Maryland announced in January that former Terps football coach Ralph Friedgen would be the featured speaker this Friday at Coach DJ Durkin’s spring coaches clinic at the recently renovated Cole Field House. Durkin and Friedgen, who have never met, recently explained how the reunion came about, and Friedgen said it wouldn’t have happened if Maryland Athletic Director Kevin Anderson, the man who fired him December 2010, weren’t in the midst of a six-month sabbatical.
“It was early on I decided to reach out to him,” Durkin — who was hired to replace Friedgen’s successor, Randy Edsall, after the 2015 season — told PressBox’s Glenn Clark. “I feel really strongly about in college football, the whole tradition of things and respect to those who came before you, both coaches, players alike. Coach Friedgen not only coached here, he went to school here. I think he’s a very important person in the history of this program, and so I just thought it was the right thing to do to reach out to him and really just more than anything just he and I to start a relationship. I did not know him or work with him any time previously.”
Friedgen was an offensive lineman at Maryland from 1966 to 1968. He served as the Terps’ offensive coordinator under Bobby Ross from 1982 to 1986 and then returned to College Park as the head coach in 2001 after stints at Georgia Tech and in the NFL. Friedgen led Maryland to 31 wins and an Orange Bowl berth in his first three seasons at Maryland but was fired after going 9-4 and leading the Terps to a win in the Military Bowl in 2010. In firing Friedgen, who went 75-50, including five bowl wins, during his decade in College Park, Anderson said he wanted to take the program from “good to great.” Edsall went 22-34 at Maryland and was fired six games into the 2015 season.
In 2011, Friedgen told Clark, “I could care less about Maryland. I’ve burned my diploma. I’m flying a Georgia Tech flag right now.” Friedgen maintains he was only joking, but after Rutgers came back to beat Maryland in College Park in November 2014, with Friedgen serving as the Scarlet Knights’ offensive coordinator, he described it as “a special win.” He made it clear that his appearance at Friday’s coaching clinic doesn’t mean he’s ready to move on from the way he was treated by his alma mater.
“I had reservations to whether I wanted to do it or not,” Friedgen told Clark. “I said, ‘Can you give me the weekend to kind of think about it?’ He said ‘sure.’ So then he kind of called me back and he said, ‘You know, if you’re not ready to do this, that’s fine, but I’m going to keep asking.’ So of course my wife wanted me to do it, so I told him I would do it. I don’t know how it’s going to go. I really questioned whether I’d ever set foot on Maryland’s campus again. Maybe after I talk it would be the last time. We’ll see.”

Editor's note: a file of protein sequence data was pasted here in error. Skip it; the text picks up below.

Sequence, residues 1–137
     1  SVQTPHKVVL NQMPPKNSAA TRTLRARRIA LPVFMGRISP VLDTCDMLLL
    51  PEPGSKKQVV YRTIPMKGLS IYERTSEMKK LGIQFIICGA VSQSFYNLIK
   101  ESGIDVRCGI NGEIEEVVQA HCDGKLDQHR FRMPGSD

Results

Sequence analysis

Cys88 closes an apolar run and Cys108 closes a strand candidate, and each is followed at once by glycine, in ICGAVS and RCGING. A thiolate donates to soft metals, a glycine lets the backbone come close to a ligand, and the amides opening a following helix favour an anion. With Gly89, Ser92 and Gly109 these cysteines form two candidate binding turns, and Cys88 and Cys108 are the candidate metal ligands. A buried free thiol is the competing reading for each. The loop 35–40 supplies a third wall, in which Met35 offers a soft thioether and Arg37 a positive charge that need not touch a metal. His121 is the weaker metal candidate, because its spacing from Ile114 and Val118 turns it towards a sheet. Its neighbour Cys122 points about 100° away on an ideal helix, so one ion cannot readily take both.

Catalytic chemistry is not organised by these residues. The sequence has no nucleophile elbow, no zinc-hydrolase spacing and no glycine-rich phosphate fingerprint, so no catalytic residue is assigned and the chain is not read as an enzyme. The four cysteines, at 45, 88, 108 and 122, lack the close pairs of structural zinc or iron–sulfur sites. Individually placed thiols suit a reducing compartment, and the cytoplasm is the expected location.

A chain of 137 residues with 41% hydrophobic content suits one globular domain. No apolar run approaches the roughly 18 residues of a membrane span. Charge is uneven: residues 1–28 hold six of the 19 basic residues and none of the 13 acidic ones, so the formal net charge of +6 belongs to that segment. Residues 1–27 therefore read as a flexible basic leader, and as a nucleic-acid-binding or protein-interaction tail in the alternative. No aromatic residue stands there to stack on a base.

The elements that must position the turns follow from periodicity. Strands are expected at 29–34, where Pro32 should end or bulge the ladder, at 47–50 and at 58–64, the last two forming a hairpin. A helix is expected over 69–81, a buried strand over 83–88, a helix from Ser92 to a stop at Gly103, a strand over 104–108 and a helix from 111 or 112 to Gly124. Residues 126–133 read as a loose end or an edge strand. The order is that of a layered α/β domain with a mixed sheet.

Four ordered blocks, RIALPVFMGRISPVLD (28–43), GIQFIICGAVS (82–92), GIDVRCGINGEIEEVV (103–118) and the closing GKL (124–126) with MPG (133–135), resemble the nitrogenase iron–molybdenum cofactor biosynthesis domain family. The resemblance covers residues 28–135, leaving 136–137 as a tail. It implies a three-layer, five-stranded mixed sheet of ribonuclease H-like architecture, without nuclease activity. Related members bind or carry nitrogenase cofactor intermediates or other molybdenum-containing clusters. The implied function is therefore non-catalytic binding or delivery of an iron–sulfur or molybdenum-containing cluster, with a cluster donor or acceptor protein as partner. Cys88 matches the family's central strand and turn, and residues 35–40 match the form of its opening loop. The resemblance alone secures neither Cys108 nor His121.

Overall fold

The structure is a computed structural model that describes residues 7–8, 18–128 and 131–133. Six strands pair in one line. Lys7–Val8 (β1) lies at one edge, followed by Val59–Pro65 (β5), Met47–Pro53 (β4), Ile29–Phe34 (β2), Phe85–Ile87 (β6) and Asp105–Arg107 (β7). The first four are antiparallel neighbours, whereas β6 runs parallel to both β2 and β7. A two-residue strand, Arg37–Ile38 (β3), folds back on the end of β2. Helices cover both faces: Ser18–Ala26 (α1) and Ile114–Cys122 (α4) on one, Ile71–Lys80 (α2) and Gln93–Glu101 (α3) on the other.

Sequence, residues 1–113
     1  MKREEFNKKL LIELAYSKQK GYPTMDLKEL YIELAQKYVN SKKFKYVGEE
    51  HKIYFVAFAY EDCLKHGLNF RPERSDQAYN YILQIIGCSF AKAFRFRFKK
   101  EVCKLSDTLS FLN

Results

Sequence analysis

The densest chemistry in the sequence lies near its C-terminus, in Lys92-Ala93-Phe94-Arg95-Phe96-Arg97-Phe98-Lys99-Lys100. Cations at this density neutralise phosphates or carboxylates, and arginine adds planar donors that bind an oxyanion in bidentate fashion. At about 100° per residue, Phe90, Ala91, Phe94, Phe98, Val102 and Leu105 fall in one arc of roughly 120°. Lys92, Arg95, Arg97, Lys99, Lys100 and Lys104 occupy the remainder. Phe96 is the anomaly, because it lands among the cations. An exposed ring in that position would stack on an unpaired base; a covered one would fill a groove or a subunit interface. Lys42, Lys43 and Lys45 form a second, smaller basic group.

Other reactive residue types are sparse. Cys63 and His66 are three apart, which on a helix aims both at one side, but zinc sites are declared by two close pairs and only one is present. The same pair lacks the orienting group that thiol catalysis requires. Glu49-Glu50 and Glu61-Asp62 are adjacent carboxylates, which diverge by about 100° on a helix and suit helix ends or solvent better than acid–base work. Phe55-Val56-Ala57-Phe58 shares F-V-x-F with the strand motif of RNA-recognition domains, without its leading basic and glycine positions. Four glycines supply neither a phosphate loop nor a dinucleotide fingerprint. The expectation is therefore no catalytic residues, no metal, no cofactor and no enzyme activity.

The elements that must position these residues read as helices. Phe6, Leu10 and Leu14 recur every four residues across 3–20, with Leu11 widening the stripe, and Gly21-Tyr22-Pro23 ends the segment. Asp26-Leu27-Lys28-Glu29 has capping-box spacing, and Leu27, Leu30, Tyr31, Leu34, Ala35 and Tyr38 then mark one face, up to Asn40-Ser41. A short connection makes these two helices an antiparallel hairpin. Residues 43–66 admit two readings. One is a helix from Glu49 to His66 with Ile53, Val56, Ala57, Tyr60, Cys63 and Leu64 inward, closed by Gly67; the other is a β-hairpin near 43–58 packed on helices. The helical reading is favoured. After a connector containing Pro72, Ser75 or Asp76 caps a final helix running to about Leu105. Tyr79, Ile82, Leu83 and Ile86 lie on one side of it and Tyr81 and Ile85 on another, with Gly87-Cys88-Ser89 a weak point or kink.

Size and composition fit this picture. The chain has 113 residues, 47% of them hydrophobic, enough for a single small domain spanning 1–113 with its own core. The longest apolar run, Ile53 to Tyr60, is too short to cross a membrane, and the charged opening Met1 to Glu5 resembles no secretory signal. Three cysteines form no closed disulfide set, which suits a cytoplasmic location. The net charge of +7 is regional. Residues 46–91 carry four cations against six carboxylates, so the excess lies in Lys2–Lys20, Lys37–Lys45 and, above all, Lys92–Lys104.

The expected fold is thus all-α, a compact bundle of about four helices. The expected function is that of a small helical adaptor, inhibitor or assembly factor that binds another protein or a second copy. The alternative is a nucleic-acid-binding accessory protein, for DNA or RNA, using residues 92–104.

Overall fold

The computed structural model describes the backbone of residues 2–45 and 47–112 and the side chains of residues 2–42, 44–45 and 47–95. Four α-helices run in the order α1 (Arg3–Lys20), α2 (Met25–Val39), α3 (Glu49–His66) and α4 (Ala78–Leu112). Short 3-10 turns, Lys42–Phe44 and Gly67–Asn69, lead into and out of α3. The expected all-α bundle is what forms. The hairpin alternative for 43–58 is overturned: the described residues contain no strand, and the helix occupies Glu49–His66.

Friedgen said he wouldn’t have agreed to attend Friday’s event if Anderson were still in College Park. In October, about 48 hours after several media reports said Anderson had been fired, the school announced he would take a six-month sabbatical.
“I don’t know where Anderson is now. They say he’s on sabbatical,” Friedgen said. “I’ve never heard of an AD being on sabbatical. That might be the greatest secret kept in Maryland’s history.”
Friedgen, who stepped down as Rutgers’s offensive coordinator following the 2014 season, told Clark he texted Durkin after Maryland’s 38-13 loss at Wisconsin in October and told him he should reach out if there was anything Friedgen could do to help. Durkin called the 70-year-old Friedgen to ask for a critique of the game. Friedgen provided one, and the Terps beat Indiana the following week.
“You know, I had reached out to [Randy] Edsall when he was there, but he didn’t want to hear anything,” Friedgen told Clark.
Durkin said he hopes Friedgen’s involvement with Maryland continues after Friday’s event.
“Ralph’s supposed to be part of this program,” Durkin said. “He’s supposed to be still involved and engaged, and whatever happens, however you get to that, I’m just certainly happy that we’re moving back in that direction.”
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